By Susan Cunningham
BANGKOK—Fueled by steady economic growth exceeding 6% annually, the rise of Indonesia’s middle class and its impact on the hotel landscape were prominent themes at Travel Trends’ No Vacancy conference in Bangkok last week.
Of the 248 million people in Indonesia, approximately 20%–50 million–now belong to the middle class, said Sonia Kapoor, client service director for Nielsen Singapore. Now compiling between $4 and $20 each day to save or spend on leisure activities, members of this group will comprise 50% of the population by 2030, she predicted.
The number of new hotels being built or in the pipeline is unknown. The breakdown of travelers also is hazy, but Scott Blume, group CEO of PT Raja Kumar International, provided an estimate: “At least 25% is probably business travel and the travelers are staying in the 3- to 3-and-a-half-star range hotels. That’s 400,000 to 500,000 rupiah, or about $40.” … MORE
By Susan Cunningham
BANGKOK—Tourism in Thailand has bounced back strongly since the global meltdown of 2009, despite continuing economic doldrums in Western countries and Thailand’s continuing political instability.
New source markets have momentum, tourism revenue was up 8% last year and more than 18,000 hotel rooms will enter the market within the next three years. Yet the mood in Bangkok earlier this month at TravelTrends.biz’s “No Vacancy” conference was cautious—even somber.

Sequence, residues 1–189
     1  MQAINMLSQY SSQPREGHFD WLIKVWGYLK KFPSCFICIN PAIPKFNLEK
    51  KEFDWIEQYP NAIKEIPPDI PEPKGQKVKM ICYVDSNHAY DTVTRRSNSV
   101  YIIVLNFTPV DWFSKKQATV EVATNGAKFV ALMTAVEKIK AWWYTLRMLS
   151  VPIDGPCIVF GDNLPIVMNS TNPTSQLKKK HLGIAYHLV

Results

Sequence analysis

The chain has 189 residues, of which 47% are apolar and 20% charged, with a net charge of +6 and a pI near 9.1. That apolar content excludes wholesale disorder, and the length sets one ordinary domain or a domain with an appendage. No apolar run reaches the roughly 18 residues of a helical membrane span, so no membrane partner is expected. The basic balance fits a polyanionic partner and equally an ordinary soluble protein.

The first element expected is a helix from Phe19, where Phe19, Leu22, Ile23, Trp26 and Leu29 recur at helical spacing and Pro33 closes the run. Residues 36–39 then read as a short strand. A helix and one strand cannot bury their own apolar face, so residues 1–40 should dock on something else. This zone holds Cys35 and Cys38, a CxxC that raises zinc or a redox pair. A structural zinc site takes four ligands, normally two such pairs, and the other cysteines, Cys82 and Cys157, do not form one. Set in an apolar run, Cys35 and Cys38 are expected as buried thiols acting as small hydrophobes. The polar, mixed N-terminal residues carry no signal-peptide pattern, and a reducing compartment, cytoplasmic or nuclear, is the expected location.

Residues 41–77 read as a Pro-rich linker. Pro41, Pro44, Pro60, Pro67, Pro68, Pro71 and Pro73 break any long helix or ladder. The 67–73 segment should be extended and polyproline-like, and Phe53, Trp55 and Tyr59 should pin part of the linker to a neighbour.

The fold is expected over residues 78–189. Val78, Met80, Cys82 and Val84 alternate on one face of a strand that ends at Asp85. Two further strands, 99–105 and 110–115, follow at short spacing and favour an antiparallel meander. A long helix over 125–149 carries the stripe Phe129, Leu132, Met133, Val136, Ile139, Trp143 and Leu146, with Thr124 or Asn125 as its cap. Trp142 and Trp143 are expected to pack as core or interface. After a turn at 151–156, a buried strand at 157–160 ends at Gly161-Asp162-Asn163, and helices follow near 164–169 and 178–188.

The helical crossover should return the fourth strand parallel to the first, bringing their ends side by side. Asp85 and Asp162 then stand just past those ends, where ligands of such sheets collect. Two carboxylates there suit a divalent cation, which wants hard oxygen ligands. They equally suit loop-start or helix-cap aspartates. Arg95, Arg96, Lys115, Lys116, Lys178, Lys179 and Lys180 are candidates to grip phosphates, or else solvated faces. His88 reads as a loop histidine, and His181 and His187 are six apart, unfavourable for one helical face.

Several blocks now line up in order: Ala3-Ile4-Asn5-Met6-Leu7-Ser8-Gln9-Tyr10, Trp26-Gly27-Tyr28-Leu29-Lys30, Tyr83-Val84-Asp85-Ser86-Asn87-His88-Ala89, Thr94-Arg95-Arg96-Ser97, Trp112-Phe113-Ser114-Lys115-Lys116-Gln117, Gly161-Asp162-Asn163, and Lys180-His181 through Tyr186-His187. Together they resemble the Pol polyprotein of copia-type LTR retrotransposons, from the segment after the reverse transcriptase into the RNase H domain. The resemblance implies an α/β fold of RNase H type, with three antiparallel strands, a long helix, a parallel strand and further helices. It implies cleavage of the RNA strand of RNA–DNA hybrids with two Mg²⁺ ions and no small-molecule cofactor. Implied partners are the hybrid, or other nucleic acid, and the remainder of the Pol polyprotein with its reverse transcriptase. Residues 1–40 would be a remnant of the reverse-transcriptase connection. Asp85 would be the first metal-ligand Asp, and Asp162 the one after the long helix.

“There’s a disconnect between luxury hotels and growth in mass tourism,” said Bill Barnett, managing director of Phuket-based consultancy C9 Hotelworks. “There’s a disconnect when it comes to infrastructure … MORE
It’s a shame that Bangkok’s “notorious nightlife” has been so profusely publicized. Many visitors probably confine themselves to their hotels in the evening and then flee the city the next day. Actually, Bangkok nightlife is so extensive that prostitution and sex shows occupy only a dreary corner.
From all walks of life, Thais take their food, fun, music, drinking, dancing and conviviality very seriously. Nightlife venues run into the thousands. So don’t conclude that the following glimpse of three very different neighborhoods is in any way exhaustive. The surface has been barely nicked. What can be said is that these are three long-running neighborhoods that will deliver sanuk (fun) wanderings and meetings with ordinary, chatty Thai people.
Upper Silom Road
It’s impossible to pinpoint Bangkok’s coolest neighborhood. The trendsetters are just too fickle. But Silom Soi 4 and Silom Soi 2–two lanes jutting off the east end of Silom Road–somehow endure while more fabulous spots are fuzzy memories. These two small lanes are great for people-watching and Continue reading →